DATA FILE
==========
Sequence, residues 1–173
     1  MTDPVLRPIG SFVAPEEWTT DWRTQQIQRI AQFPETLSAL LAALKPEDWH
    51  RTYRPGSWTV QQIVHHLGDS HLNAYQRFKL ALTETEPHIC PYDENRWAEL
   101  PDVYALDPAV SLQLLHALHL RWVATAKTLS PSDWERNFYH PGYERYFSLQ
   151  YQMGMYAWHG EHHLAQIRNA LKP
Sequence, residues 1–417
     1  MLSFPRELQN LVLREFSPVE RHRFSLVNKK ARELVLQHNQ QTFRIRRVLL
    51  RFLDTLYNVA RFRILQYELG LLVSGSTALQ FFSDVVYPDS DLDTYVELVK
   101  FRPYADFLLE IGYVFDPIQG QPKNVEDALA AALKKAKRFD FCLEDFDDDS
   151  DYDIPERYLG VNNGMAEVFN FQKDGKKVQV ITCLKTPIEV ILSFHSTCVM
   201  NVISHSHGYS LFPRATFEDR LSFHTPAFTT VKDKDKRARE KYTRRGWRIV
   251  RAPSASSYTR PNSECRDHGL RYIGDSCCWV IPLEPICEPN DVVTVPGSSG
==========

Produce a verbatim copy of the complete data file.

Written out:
Sequence, residues 1–173
     1  MTDPVLRPIG SFVAPEEWTT DWRTQQIQRI AQFPETLSAL LAALKPEDWH
    51  RTYRPGSWTV QQIVHHLGDS HLNAYQRFKL ALTETEPHIC PYDENRWAEL
   101  PDVYALDPAV SLQLLHALHL RWVATAKTLS PSDWERNFYH PGYERYFSLQ
   151  YQMGMYAWHG EHHLAQIRNA LKP
Sequence, residues 1–417
     1  MLSFPRELQN LVLREFSPVE RHRFSLVNKK ARELVLQHNQ QTFRIRRVLL
    51  RFLDTLYNVA RFRILQYELG LLVSGSTALQ FFSDVVYPDS DLDTYVELVK
   101  FRPYADFLLE IGYVFDPIQG QPKNVEDALA AALKKAKRFD FCLEDFDDDS
   151  DYDIPERYLG VNNGMAEVFN FQKDGKKVQV ITCLKTPIEV ILSFHSTCVM
   201  NVISHSHGYS LFPRATFEDR LSFHTPAFTT VKDKDKRARE KYTRRGWRIV
   251  RAPSASSYTR PNSECRDHGL RYIGDSCCWV IPLEPICEPN DVVTVPGSSG